Historical Documents

The Historical Document Room was opened to the public on October 24, 2006. The room is available for viewing historical documents from 1837—1925. These court records are not just paper, they are valuable sources of Texas' and Houston’s history. Some of the most badly deteriorated records have been restored and preserved by the Harris County District Clerk's Office. Those efforts have been honored with a 2004 Good Brick Award from the Greater Houston Preservation Alliance.

What Can I do to Help Save Harris County’s History?

The Harris County District Clerk’s Office has teamed with the Houston Bar Foundation to raise the funds needed to continue restoring and preserving Harris County’s past. The Houston Bar Foundation is accepting tax-deductible donations to preserve records. We do not suggest an amount for your donation as any amount is greatly helpful and appreciated.

Checks can be made payable to: Houston Bar Foundation Records Preservation and mailed to P.O. Box 4651, Houston, TX 77210. For a contribution form to include with your check, please click here.

In addition to preserving case files, bound volumes such as criminal case indexes, minute books, fee docket books and accounting books from as early as the Republic of Texas days are being saved. Costs for preserving these invaluable historical documents range from $10 for a file to as much as $2,500 for a civil index book. Donors who contribute an amount necessary to preserve one entire book may, if they wish, be recognized on the spine or outside cover of the book. Standard wording for such recognition will be, “In memory of _________,” “Graciously donated by ________,” etc. Other wording desired by the donor will be taken into consideration.

The process for preservation requires experts trained in handling historical documents, as the documents must be handled with extreme care. They are unfolded, pacified, then encapsulated in special Mylar plastic sheets to protect them from further damage caused by exposure to air and moisture. The process being used will preserve these records for up to 300 years and prevent further deterioration of our historical records.

Services Available in the Historical Document Room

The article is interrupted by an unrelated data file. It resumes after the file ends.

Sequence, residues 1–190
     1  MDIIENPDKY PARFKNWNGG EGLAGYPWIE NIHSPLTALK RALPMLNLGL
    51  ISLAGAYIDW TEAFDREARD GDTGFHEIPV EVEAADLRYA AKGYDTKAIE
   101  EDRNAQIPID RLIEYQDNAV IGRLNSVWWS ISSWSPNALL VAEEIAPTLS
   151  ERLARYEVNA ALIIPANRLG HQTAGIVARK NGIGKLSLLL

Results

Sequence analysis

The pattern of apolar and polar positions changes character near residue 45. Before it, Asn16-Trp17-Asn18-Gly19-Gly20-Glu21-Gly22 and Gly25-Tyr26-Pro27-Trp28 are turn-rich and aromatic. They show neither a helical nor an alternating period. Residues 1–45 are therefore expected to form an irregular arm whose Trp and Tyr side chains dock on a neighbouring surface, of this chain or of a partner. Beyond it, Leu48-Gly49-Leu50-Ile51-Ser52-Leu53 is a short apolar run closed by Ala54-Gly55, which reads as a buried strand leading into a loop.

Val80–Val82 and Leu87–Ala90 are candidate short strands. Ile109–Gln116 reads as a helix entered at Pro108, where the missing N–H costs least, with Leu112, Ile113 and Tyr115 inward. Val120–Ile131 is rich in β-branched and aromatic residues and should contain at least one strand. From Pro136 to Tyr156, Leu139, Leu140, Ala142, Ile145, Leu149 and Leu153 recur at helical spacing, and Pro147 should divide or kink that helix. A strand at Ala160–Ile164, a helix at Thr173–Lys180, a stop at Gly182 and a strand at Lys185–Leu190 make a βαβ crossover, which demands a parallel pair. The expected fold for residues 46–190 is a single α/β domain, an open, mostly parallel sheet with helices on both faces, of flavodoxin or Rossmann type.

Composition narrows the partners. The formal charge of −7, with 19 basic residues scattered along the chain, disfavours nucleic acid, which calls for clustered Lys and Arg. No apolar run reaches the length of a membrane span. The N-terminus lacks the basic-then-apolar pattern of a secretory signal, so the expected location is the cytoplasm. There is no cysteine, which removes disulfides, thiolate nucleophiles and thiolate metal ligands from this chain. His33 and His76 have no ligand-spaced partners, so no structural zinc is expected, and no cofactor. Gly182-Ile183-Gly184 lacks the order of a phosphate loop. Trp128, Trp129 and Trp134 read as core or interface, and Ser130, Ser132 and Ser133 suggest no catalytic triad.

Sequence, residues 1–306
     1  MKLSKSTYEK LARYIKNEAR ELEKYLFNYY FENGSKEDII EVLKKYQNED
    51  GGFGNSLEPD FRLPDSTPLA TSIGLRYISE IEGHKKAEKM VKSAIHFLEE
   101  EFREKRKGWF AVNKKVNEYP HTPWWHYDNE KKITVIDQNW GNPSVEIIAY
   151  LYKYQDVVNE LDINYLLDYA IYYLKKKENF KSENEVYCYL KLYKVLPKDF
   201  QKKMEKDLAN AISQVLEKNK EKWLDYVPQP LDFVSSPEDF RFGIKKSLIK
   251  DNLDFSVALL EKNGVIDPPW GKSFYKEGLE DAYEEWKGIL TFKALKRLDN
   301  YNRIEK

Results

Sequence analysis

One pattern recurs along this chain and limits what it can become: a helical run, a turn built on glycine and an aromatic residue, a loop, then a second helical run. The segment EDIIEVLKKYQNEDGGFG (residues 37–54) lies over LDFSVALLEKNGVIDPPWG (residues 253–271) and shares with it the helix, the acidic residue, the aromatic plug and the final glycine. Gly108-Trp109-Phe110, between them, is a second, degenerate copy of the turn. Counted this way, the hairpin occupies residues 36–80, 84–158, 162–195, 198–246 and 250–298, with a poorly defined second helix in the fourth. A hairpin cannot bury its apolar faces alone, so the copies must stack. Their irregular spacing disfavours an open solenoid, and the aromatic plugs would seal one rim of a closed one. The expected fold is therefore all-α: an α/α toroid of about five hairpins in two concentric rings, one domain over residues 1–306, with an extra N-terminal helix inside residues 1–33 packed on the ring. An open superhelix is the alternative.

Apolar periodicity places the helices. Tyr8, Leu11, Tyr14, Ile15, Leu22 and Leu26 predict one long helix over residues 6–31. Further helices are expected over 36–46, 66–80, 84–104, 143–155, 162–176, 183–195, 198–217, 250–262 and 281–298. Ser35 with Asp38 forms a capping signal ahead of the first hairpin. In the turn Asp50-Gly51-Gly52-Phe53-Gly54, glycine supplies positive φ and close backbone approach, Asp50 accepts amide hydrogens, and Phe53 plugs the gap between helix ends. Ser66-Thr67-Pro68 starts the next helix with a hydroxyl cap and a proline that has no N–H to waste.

• Public viewing of original documents
  • Requested copies for $1.00 per page

Historical Documents Available Online

As a public service, the documents that are made available over the Web are provided at no charge. Please note, while the clarity of some of the documents is exceptional, the quality of others is poor. This is directly related to the quality of the original document as well as the penmanship of the scribe in some instances. Click below to begin viewing these priceless historical documents.

View Online

Historical Case Of The Month

The Honorable Judge Mark Davidson has been instrumental in the development of the Harris County District Court Historical Document Project. An avid legal history buff, Judge Davidson continues to write and serve as a special advisor to the ongoing Case Of the Month articles.

The Case Of The Refurbished Cadillac

Judge Mark Davidson

For most of us, the last car trip we will ever take is one in which we will be horizontally laid out in the back of a hearse. For some reason, the majority of hearses in America are made from converted cars made by the Cadillac division of General Motors, although there have been Lincolns, and Mercedes Benzes also converted. Until 1908, all hearses were horse-drawn wagons with curtains placed on the side. Someone figured out that if they could turn an automobile into a “funeral coach”, they could move faster and therefore could perform more funerals in a day. That was the start of the hearse industry. For the first ten years, standards were crude. A horse drawn funeral wagon was placed on the chassis of a car that was slightly modified, and turned over to a funeral director.

So it was in 1918, when a Houston funeral director named I. S. Lewis decided to enter the automotive age, and contracted with the Texas Wagon Works company to place his horse drawn wagon on the back of a 1918 Cadillac. The job was apparently done properly, but Mr. Lewis was unwilling, or unable, to pay the bill of $123.47. In 2020 dollars, given a century of inflation, that is about $1,599.66. Wagon Works refused to release the hearse, and Mr. Lewis found himself without a wagon or a hearse until the case went to trial.

On July 9, 1920, a jury of 12 men listened to the evidence.[i] We know that it was a very short trial, since Judge Charles Ashe of the 11th District Court would hear 17 other motions that day and would try another jury trial. The attorneys for Texas Wagon Works were Byers & Cavanagh and the attorneys for Mr. Lewis were Woods, Barkley, and King. The jury ruled for the plaintiff.

Apparently, the business at Mr. Lewis’ funeral home did not improve during their hearseless period, and Judge Ashe ordered the hearse to be sold to satisfy the judgement. No record exists as to who bought it and what use was made of the purchase at the auction on the courthouse steps. One hopes that Mr. Lewis found the money and was able to help grieving families for many years, so that the last rides at the last rites of many Houstonians were in a Cadillac.

Even though women were allowed to vote in Texas in 1918, they were not allowed on juries until 1954.

Click here to view the historic case documents for The Case Of The Refurbished Cadillac.